It may be a small consolation for those sweltering in the heat wave sweeping through southern Europe, but grids in regional countries such as Italy and Spain have so far met increased demand for electricity for air conditioning without extreme price spikes. are responding to
In a way, Europe has benefited from last year’s measures, which pushed electricity prices to record levels as natural gas prices surged due to supply restrictions from Russia. Europe’s grid was plagued with other problems, including mechanical problems that shut down a number of French nuclear power plants.
Analysts say this experience, and the fact that power prices remain so much higher than previously thought to be normal, are helping to curb power demand despite the high temperatures. .
Incentives to encourage the use of power plants that burn highly polluting coal and oil are also maintained, measures introduced last year to reduce natural gas consumption. “This is a really perverted situation,” said Marco Alvera, CEO of TES, a company that plans to import hydrogen to Europe for use as a clean fuel.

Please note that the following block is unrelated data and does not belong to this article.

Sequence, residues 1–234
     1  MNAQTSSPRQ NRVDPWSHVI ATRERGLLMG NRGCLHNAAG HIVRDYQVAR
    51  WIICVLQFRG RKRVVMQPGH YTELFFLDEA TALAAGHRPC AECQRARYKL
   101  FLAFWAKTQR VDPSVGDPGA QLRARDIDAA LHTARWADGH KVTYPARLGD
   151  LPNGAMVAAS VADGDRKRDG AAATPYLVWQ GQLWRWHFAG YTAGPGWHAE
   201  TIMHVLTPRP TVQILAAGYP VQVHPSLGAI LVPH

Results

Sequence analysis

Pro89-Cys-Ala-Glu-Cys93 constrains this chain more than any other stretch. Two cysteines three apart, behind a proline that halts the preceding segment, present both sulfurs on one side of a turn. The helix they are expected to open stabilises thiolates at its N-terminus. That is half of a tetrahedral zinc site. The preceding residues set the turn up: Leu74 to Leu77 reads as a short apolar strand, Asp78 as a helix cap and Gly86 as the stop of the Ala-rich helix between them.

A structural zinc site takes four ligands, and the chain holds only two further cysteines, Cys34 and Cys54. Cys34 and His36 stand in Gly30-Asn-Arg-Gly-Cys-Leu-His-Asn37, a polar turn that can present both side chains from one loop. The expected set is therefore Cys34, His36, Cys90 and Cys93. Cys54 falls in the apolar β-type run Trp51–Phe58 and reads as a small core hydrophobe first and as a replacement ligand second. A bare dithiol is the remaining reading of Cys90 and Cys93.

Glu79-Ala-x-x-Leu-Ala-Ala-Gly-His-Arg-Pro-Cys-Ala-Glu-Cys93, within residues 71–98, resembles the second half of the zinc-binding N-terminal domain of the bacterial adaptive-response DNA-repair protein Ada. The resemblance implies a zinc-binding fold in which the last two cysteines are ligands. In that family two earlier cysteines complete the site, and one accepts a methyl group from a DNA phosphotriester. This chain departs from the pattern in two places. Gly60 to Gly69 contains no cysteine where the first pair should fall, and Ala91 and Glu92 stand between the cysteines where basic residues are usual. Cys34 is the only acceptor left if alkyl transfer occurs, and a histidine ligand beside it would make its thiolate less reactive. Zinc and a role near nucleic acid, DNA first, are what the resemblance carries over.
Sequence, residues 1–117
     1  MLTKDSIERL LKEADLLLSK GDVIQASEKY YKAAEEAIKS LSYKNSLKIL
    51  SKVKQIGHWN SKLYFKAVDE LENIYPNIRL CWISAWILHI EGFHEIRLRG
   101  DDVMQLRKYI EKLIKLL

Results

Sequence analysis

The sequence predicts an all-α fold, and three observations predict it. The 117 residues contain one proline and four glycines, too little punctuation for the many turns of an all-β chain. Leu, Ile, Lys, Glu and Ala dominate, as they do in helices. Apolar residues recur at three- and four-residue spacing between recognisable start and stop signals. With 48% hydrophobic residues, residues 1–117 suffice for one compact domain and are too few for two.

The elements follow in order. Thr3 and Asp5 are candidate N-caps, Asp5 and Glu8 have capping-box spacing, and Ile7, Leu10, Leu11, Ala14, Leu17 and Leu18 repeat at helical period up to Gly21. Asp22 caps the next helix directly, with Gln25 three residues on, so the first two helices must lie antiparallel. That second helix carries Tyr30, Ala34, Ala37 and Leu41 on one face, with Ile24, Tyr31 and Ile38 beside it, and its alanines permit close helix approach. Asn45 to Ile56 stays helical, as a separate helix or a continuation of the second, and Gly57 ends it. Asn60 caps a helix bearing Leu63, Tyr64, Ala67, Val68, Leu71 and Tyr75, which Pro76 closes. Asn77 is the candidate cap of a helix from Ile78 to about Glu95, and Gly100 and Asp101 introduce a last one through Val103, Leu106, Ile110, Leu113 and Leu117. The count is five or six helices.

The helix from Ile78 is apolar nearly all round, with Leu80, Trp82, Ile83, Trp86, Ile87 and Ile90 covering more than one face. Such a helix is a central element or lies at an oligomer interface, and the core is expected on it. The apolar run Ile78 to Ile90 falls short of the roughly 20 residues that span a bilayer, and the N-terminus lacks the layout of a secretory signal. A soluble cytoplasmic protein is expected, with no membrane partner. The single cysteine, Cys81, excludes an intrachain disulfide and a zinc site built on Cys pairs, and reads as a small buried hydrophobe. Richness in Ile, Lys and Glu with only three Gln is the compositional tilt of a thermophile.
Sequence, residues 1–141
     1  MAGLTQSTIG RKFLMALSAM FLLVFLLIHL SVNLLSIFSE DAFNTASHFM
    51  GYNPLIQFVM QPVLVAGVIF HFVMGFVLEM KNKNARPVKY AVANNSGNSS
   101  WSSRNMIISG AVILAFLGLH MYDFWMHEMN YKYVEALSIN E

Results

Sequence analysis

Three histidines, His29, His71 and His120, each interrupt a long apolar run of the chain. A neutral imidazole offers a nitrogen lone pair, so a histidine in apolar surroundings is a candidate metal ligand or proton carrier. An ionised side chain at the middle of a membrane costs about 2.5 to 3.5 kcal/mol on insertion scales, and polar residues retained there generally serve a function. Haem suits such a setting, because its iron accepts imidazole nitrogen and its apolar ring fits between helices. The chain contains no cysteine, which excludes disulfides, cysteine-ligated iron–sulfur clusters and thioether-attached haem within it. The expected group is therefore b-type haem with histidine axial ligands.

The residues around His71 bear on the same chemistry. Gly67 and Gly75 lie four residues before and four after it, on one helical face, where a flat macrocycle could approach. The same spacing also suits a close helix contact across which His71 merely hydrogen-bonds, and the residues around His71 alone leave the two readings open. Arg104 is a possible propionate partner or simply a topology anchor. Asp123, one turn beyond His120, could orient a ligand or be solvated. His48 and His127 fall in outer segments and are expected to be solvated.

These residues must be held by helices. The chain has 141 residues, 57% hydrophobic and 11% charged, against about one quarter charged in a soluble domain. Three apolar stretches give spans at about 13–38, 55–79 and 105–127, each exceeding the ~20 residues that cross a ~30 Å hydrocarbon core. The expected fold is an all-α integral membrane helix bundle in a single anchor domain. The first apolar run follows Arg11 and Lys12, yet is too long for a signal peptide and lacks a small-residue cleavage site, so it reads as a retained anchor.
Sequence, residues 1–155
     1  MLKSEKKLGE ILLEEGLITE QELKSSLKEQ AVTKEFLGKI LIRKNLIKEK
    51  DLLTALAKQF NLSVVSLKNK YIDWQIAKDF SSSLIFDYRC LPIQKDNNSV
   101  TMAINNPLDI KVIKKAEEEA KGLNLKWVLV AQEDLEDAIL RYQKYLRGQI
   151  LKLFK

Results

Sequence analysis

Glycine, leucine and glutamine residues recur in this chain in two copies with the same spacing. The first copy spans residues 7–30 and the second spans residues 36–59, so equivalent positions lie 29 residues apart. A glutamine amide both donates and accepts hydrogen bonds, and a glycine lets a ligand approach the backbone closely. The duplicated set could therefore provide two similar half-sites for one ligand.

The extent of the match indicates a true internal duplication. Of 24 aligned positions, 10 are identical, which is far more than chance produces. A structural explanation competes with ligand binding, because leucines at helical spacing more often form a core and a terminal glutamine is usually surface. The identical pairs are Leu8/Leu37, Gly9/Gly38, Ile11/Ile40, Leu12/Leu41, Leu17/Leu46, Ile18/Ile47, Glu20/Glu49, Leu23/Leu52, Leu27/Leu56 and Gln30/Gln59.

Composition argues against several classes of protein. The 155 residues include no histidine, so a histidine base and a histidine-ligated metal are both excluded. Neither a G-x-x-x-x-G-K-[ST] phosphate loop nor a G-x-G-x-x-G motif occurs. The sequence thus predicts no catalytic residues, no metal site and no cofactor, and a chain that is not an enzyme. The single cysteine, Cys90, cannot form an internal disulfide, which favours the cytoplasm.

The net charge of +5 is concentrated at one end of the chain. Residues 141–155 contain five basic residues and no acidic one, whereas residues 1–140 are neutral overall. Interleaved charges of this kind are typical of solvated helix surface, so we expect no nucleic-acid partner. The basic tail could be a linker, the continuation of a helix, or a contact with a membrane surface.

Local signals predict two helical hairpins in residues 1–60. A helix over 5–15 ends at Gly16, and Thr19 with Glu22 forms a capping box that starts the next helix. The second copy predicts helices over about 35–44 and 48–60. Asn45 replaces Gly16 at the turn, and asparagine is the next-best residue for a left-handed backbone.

The increasing amount of solar power on the grid, especially in Spain, is also helping to strengthen electricity supply and keep prices down. Solar power production peaks at noon, when the need for sunlight and air conditioning is greatest. Italy is experiencing a relatively modest rise in prices in the afternoon as the sun fades and people head home to turn up their air conditioners.
At the same time, French nuclear power plants and other conventional power generation in Europe had fewer problems than last year and more electricity was available.
“The French nuclear situation has improved significantly since last year,” said Luca Urbanucci, European Union electricity market analyst at data analytics firm ICIS.
Europe’s grid also has interconnecting cables, allowing countries with low heat stress, such as the UK, Norway and Switzerland, to supply power to their neighbors.
Spain, in particular, has benefited from investments in solar panels, pumping out about 20% more solar power than it did in the summer of 2022.
“For this reason, we are not seeing as extreme a price hike as we had expected,” said Stefan Konstantinov, senior energy economist at ICIS.
Despite the heat wave, Spain’s natural gas consumption is down significantly from last year.
Of course, if the expected heat wave continues, the energy system could come under further pressure. For example, a nuclear power plant may be forced to shut down because the water level in a river used for cooling drops too low or the water itself heats up too much.